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Key concepts for the Jubilee Year of Mercy

Catholic faithful all over the world have reason to rejoice in Pope Francis’ announcement of a special Jubilee Year of Mercy, which will underline and celebrate aspects of our faith that merit greater awareness, deeper understanding and more thorough integration in our lives.
Over the next several issues, the Clarion Herald will offer brief explanations of key concepts – related in various ways to the central theme of mercy – that will be woven into articles, homilies, catechetical presentations and liturgical celebrations in churches and dioceses throughout the world.

The information has been provided by the Office of Evangelization. For more information, go to

Mercy is God’s uncondi- tional, loving care for humanity reflected throughout all of history in God’s desire to be close to all people – to be in an intimate, loving relationship with us. As Pope Francis explains in his announcement of this special Jubilee Year, mercy is “the bridge that connects God and humanity, opening our hearts to the hope of being loved forever despite our sinfulness.” So, while mercy first of all comes from God, for it is central to who God is, mercy likewise is something that God invites us to show to others in order to truly live as children of God. (Reflection: Luke 15)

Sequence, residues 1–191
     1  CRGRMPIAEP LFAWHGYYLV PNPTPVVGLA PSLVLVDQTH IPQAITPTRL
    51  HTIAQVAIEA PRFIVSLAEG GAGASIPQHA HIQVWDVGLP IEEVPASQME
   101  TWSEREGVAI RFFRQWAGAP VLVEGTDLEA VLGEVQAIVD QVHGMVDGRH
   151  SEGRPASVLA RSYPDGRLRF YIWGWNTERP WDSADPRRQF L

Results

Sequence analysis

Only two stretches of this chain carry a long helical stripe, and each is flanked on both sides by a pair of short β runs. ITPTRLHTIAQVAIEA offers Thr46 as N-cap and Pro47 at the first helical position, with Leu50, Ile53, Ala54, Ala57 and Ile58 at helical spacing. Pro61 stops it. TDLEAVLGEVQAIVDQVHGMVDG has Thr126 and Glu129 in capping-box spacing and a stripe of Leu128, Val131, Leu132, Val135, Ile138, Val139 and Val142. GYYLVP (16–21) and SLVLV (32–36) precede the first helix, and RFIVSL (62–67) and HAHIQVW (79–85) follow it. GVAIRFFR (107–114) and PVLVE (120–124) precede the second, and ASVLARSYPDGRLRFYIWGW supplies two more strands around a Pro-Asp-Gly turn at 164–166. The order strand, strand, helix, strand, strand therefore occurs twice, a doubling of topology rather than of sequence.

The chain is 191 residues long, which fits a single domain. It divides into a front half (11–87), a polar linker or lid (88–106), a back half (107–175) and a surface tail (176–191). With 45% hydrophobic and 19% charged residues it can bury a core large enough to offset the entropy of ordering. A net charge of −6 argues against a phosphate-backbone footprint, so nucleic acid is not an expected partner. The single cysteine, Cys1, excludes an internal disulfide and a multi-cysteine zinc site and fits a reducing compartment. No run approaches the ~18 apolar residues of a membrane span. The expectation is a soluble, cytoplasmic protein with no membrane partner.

In the Hebrew Scriptures, a jubilee is every 50th year during which the land remains uncultivated, debts and mortgages are forgiven, and slaves are set free. This tradition takes root in our own belief that all that we have comes from God and is a gift from God: life, land and possessions. The Catholic Church has a very long history of designating a Holy Year, in the spirit of jubilee, whereby the Church seeks to live out and call all people to right relationship with God and one another. In this Holy Year, we recommit ourselves to jubilee by extending and receiving forgiveness, mercy, and justice.

(Reflection: Lev 25:8-22) 

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